CLAYTON — The Riverwood neighborhood has earned statewide recognition as a “Great Neighborhood for Kids” in a “Great Places” competition, beating two neighborhoods in Charlotte, and others in Belmont and Jacksonville.
A panel of experts, including town planners, professors, and architects from across the state, chose six neighborhoods in the state as finalists in the “Great Places” competition. Then the competition was turned over to the public who cast their votes.
The awards are part of the second annual “Great Places in North Carolina” initiative, sponsored by the NC chapter of the American Planning Association. Emily Beddingfield, a town planner in Clayton, served as a co-chair for the Great Places initiative.
“[The experts] chose Riverwood as a finalist because of the walkability of the community,” said Beddingfield. “Also, it has events that are planned regularly, commercial areas are conveniently close, and a trail system throughout the development that connects to the Mountains-to-Sea trail.
When it’s a sunny, warm-weather day, children can be seen on scooters, skateboards, and bikes out in the neighborhood, and there are also families out walking with strollers. There are two schools in the neighborhood, Riverwood Middle School and Riverwood Elementary, and the majority of students who live in the neighborhood and attend the schools walk to school.
The neighborhood’s walkability and convenient locale to businesses is not only a bonus for families with kids, but also a benefit for senior residents, said Beddingfield.
“I think when you have a neighborhood that’s great for kids, you have a neighborhood that’s great for everyone,” Beddingfield said. “The parents benefit from being in a kid-friendly neighborhood because they’re socializing at different neighborhood events and being out in the community. Seniors in the community can take advantage of the walking areas and the nearby amenities.”
The neighborhood functions as a microcosm of a town, with a grocery store, urgent care center, ice cream shop, and schools. The only element of a town that’s missing is a local government.
The atmosphere of the neighborhood is reminiscent of earlier decades.
“It’s kind of a cry back to communities in the 1950s when people didn’t have cars where you had to be able to walk to the grocery or to the market to do daily errands or go to work,” Beddingfield said.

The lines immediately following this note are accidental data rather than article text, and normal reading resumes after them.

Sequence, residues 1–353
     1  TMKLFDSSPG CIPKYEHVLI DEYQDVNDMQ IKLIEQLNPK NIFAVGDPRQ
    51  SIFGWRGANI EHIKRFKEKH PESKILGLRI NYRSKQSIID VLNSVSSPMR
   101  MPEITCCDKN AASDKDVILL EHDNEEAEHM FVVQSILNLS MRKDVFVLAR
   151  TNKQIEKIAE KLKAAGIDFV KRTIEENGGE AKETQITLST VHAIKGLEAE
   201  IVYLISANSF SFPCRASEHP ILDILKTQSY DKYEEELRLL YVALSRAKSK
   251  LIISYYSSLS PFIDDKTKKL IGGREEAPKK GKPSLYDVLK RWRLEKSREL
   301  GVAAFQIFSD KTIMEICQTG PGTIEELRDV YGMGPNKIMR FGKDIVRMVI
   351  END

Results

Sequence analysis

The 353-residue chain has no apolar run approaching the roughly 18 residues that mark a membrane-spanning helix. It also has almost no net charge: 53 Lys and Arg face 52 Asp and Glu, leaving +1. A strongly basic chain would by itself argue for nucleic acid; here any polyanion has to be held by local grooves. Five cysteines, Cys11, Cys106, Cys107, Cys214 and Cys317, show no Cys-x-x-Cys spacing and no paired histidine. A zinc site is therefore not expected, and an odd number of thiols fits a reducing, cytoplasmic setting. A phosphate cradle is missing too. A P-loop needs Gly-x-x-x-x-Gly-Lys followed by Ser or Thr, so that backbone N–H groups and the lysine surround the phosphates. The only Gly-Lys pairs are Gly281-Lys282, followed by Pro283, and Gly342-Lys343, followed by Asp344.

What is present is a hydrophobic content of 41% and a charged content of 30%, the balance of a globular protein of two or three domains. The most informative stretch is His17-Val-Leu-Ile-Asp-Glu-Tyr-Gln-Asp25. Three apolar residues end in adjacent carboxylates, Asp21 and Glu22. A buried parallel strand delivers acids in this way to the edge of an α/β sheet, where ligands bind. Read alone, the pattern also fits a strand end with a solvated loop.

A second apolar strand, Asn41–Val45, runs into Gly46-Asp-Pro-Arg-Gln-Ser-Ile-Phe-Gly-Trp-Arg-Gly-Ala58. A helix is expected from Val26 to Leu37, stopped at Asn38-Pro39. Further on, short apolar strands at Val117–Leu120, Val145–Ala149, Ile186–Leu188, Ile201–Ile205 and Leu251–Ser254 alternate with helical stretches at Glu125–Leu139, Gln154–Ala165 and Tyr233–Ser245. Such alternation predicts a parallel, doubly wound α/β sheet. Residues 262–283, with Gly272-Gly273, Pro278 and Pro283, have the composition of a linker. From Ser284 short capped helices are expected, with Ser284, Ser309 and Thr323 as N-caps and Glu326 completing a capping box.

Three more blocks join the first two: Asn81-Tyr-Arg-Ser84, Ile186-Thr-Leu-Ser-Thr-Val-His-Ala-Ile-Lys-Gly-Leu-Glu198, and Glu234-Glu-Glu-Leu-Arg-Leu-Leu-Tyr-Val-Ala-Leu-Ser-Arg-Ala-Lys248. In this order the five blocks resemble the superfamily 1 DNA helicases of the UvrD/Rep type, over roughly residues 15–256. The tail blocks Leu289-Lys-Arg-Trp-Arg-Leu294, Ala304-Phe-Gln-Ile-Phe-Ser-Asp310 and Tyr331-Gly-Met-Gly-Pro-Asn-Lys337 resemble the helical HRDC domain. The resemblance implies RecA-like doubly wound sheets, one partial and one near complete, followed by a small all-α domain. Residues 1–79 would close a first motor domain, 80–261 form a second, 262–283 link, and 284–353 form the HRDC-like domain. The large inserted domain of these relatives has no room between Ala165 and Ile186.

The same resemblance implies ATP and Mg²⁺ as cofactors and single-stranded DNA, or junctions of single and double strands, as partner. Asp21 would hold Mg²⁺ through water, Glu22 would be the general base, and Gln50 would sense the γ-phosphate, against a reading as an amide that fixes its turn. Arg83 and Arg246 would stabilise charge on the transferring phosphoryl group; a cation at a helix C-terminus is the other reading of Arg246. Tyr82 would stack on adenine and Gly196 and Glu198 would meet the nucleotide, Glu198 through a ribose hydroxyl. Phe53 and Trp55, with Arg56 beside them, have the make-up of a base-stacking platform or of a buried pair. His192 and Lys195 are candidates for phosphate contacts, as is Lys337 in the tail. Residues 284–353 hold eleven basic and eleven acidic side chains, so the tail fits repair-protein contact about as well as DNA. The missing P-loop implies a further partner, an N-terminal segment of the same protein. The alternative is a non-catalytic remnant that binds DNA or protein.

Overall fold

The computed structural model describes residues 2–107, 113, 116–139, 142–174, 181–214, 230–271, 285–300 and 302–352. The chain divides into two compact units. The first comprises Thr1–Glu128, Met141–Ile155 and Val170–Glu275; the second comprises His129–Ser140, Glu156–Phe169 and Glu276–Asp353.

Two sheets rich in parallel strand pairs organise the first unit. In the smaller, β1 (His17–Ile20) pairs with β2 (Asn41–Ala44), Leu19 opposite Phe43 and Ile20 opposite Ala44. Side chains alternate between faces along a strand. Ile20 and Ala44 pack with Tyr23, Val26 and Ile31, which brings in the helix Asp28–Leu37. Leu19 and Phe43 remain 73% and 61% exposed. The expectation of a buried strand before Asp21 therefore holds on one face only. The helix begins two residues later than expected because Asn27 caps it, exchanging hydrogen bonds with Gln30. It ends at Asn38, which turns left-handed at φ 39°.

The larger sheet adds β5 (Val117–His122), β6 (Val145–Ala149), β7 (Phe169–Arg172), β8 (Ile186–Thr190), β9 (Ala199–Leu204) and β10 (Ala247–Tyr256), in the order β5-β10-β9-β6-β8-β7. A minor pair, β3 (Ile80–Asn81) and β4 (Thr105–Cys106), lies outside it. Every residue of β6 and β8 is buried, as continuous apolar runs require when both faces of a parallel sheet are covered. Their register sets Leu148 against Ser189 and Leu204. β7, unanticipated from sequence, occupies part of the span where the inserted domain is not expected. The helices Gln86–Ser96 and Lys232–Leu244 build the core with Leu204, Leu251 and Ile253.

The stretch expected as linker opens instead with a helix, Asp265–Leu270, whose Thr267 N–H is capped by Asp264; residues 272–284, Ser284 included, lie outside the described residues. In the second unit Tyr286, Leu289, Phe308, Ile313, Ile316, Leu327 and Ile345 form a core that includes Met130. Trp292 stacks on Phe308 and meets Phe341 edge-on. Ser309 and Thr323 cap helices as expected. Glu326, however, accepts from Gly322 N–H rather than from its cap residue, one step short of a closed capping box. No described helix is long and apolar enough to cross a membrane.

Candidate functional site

The local impact of the recognition could mean drawing in new residents. But there’s also a broader impact.
“It highlights the good qualities of a neighborhood like that,” said Beddingfield. The aspects that led to Riverwood being chosen are aspects that could be transposed to other areas.
What locals say
On a recent walk in the neighborhood one parent, Alyssa Gambrell, brought her two-year-old in to the local ice cream shop, Mimmzi’s, where owner Amy Beck greets her customers by name.
“I moved here because of the schools,” said Gambrell, who moved from the Lionsgate neighborhood. Though she works in Raleigh, Gambrell said the commute is worthwhile because of the quality of the community in Riverwood.
Beck said that her primary business at the shop is from children coming in after school. Now that the store opened up after being closed during the winter, she’s seeing all the familiar faces she missed for the past two months.
Beck, who owns the store with her husband, said the two have been at their Riverwood location for five years.
“I’ve seen kids have their first taste of ice cream here,” said Beck. “And I’ve seen moms come in with their first child, then a couple years later, they will come in with their second child and I’ve watched their families grow.”
There is a special wall for photos of children trying ice cream for the first time, with photos of the kids.
Near Mimmzi’s there is a board of social events, advertising upcoming events in the neighborhood, including a family bingo night, an Easter egg hunt and movies on the lawn.
“These are the sort of developments that we’ll see more of in the future and you can transpose those same elements of walkability and community into a lot of different areas,” Beddingfield said.